Factors Determining Frontline Therapy Selection for Pancreatic Cancer

May 17, 2016
Evolving Paradigms, Pancreatic Cancer,

A multitude of factors contribute to the selection of frontline treatment for patients with advanced pancreatic cancer, specifically in regard to selecting first- and second-line therapies.

To explore the multiple factors, a study looked at the effectiveness and supportive care utilization associated with first-line treatment with nab-paclitaxel/gemcitabine or FOLFIRINOX for patients with metastatic pancreatic cancer.8In this retrospective cohort study, data were selected from an electronic medical record platform involving patients throughout the United States. This analysis provided real-world data to support decision-making, including sequencing, in an era of expanding second-line options.

The main objectives of the analysis were to determine time to treatment discontinuation (TTD), database persistence (a proxy for survival), adverse events, supportive care before and during chemotherapy, proportion of patients receiving second-line therapy, time to next treatment, and duration of first- and second-line treatment.

Data were assessed for 122 patients treated with first-line nab-paclitaxel and gemcitabine and 80 treated with FOLFIRINOX. Patients treated with nab-paclitaxel/gemcitabine were significantly older (67.0 vs 61.4 years;P<.001) but, otherwise, the groups were similar.

The median TTD was 3.4 months with nab-paclitaxel/gemcitabine and 3.8 months with FOLFIRINOX. Database persistence also did not differ between the two groups, at 8.6 months for both arms.

FOLFIRINOX was associated with a higher incidence of all-grade adverse events (95% vs 84%) and significantly greater prophylactic use of G-CSF and other supportive care medications (TABLE). In the FOLFIRINOX arm, 39% of patients utilized an average of 4.41 doses of G-CSF per patient per 100 days. With nab-paclitaxel/gemcitabine, just 8% utilized G-CSF an average of 2.02 doses per patient per 100 days (P<.01). Additionally, a significantly greater number of patients required erythropoiesis-stimulating agents in the FOLFIRINOX arm (0.9 vs 0.13 doses per 100 patient days;P<0.01).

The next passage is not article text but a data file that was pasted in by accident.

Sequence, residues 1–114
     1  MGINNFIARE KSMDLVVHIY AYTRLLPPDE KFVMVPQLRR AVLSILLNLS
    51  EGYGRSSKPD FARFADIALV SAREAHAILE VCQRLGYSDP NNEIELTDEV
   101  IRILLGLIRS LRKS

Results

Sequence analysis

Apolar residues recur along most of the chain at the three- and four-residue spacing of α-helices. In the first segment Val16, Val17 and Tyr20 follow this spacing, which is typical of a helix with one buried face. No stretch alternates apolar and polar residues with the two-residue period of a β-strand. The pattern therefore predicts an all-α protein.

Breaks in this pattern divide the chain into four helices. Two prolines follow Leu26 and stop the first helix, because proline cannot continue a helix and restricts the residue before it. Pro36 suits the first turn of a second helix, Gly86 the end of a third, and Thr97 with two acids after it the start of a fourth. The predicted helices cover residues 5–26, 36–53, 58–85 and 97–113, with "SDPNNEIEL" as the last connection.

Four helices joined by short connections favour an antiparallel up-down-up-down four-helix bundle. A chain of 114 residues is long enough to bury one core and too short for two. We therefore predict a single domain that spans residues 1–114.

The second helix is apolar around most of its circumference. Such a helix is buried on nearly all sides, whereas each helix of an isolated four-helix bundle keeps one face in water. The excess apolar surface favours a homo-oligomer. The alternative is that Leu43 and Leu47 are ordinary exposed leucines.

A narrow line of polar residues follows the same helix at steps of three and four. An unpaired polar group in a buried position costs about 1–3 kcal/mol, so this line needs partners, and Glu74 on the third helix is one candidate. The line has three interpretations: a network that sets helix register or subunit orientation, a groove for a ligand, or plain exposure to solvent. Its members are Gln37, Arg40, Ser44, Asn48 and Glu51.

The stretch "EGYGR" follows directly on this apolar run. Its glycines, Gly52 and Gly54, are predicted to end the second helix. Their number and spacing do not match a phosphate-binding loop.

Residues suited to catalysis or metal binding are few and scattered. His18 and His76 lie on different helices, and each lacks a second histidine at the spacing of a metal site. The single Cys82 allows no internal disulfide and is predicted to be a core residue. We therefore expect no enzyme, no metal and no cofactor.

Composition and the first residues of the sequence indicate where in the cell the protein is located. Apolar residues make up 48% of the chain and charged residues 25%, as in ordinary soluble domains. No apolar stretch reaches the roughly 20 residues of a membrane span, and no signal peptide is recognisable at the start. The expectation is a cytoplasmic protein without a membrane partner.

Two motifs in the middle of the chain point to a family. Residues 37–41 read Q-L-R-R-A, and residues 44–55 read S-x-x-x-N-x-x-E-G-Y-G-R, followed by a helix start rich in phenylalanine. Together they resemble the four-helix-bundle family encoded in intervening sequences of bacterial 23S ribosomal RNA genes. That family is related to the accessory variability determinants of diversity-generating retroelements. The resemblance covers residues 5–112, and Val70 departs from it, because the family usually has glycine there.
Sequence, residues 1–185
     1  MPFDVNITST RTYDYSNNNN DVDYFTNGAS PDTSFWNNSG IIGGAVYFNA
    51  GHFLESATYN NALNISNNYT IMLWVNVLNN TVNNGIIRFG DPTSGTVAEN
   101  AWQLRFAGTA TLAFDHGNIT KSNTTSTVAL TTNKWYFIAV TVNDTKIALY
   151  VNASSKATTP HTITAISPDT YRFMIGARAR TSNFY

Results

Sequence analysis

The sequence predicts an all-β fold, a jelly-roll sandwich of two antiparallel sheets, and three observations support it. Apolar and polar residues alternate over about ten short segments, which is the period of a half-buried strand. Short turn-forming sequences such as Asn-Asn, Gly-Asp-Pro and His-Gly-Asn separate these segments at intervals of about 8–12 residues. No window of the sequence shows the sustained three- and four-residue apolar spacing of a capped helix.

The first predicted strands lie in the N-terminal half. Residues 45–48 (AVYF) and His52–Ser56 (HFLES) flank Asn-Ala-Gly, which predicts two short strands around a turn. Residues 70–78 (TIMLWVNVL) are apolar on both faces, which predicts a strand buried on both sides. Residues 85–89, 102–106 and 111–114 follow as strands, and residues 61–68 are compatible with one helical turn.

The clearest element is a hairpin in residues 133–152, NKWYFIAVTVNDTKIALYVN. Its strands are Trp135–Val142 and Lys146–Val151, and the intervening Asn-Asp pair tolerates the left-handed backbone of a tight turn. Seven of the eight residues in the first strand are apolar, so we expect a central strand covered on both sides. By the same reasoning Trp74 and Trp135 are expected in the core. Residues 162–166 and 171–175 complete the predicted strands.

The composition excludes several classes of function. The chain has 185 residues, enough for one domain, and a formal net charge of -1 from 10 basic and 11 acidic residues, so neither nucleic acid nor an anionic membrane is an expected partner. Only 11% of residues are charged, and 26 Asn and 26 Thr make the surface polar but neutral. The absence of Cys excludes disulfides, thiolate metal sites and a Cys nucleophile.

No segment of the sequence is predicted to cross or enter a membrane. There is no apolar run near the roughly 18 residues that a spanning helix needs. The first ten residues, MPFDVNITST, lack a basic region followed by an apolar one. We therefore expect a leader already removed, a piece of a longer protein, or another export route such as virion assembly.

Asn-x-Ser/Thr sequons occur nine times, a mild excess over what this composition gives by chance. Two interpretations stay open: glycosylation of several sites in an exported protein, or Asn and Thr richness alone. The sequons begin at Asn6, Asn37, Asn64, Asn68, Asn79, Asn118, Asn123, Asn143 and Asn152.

TABLE. Number of Doses Per Patient Per 100 Days

Nab-paclitaxel Plus Gemcitabine

FOLFIRINOX

PValue

Antiemetic

6.94

6.30

.057

ESA

0.9

0.13

<.01

G-CSF

2.02

4.41

<.01

Steroids

7.89

5.79

<.01

Abbreviations: ESA, erythropoiesis-stimulating agents; G-CSF, granulocyte-colony stimulating factor

Approximately one-third of patients initially treated with nab-paclitaxel/gemcitabine received 5-FU—based second-line treatment, and about half of the FOLFIRINOX group received second-line gemcitabine-based regimens. Duration of treatment in second-line was similar between the groups (about 8.5 months). Database persistence was 12.7 months for the nab-paclitaxel/gemcitabine group and 9.3 months with the FOLFIRINOX group, a difference that did not achieve statistical significance (P= .48).

When considering the overall cost of care, supportive care and other considerations should be taken into account. With this in mind, nab-paclitaxel and gemcitabine could be the most cost-effective option for the first-line treatment of patients with metastatic pancreatic cancer, according to a recent health resources management study.9

In the study, the costs and clinical outcomes of nab-paclitaxel/gemcitabine versus erlotinib plus gemcitabine were assessed using drug cost per cycle multiplied by the median cycles delivered from clinical trials. The comparison included the cost of the drugs and expenses related to administering the therapy and managing adverse events of grade 3/4 severity. These costs were based on 4 months of therapy for nab-paclitaxel/gemcitabine versus 3.9 months for erlotinib/gemcitabine.

In this comparison, the costs associated with the nab-paclitaxel regimen were $24,984 versus $23,044 with erlotinib. When considering the respective survival advantages, the nab-paclitaxel arm showed a $15,522 per life year benefit versus the erlotinib group.